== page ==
Intel shuffles management team

Changes come as Intel tries to diversify its PC and data center operations

Intel has shuffled management as it enters a new fiscal year, appointing a new chief operating officer and new heads to run the PC and datacenter groups.

Intel named Brian Krzanich to chief operating officer, a post from which he will continue to run manufacturing, but also take on internal IT and human resources operations. Krzanich has been running Intel's manufacturing operations and was responsible for Intel's successful transition to the 22-nanometer process, which will result in the production of faster and more power efficient computing chips .

The company is also promoting Dadi Perlmutter, who was responsible for Intel's chip design and development, to chief product officer. He is viewed as Intel's second-in-command alongside Sean Maloney, who is now heading Intel's China operations.

Intel also promoted Kirk Skaugen to run Intel's PC Client Group, which was previously run by Mooly Eden. Skaugen was previously responsible for Intel's Data Center Group, growing the division's revenues from US$6.5 billion in 2009 to more than $10 billion in 2011.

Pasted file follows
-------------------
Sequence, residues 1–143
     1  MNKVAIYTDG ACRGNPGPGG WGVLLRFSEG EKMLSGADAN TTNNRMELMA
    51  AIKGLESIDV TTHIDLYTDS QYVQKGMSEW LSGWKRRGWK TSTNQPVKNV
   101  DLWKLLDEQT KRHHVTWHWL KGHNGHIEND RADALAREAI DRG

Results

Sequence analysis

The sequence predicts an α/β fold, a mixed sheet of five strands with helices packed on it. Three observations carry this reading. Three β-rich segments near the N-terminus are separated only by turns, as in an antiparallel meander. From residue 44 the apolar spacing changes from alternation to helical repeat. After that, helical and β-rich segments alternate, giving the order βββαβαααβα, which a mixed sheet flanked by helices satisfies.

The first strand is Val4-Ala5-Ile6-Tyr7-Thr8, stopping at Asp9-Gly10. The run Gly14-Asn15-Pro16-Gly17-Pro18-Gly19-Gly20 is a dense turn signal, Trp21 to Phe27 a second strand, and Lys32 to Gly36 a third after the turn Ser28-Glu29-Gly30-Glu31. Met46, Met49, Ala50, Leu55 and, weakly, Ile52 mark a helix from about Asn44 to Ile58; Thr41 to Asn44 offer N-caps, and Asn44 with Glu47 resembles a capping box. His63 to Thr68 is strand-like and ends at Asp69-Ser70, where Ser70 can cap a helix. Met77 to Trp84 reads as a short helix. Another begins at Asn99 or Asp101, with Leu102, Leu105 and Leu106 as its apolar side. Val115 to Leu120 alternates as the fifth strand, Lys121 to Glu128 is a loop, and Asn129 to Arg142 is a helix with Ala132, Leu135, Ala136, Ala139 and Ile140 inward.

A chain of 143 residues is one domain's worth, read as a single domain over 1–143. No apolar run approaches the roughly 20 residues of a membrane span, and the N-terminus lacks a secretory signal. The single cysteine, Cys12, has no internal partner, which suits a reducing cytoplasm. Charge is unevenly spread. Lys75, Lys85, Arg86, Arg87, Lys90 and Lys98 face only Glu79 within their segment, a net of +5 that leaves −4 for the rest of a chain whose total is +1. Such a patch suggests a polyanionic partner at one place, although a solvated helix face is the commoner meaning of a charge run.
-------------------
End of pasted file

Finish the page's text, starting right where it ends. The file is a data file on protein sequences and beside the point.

"Kirk is a very capable executive with a track record running a large, complex and growing business -- Intel's data center business -- which made him the ideal person to take on management for Intel's largest product group by revenue," said Laura Anderson, an Intel spokeswoman.

Eden, known as the public face for Intel with his colorful presentations at press conferences, is moving to Israel to work there. Intel has a manufacturing plant in Israel and faces a competitive threat from Globalfoundries, a manufacturing company that is building a plant in Abu Dhabi.

The Data Center Group will now be run by Diane Bryant, previously Intel's CIO. Replacing Bryant as CIO will be Kim Stevenson, formerly the vice president of IT Global Operations and Services.

The management changes will be in effect in 30 days, and comes as Intel tries to diversify its PC and data center operations to keep up with the competitive landscape. The company is backing ultrabooks, which is a new category of thin-and-light laptops with tablet-like features. The chip maker is also expanding its data center portfolio with new supercomputing chips and software products.

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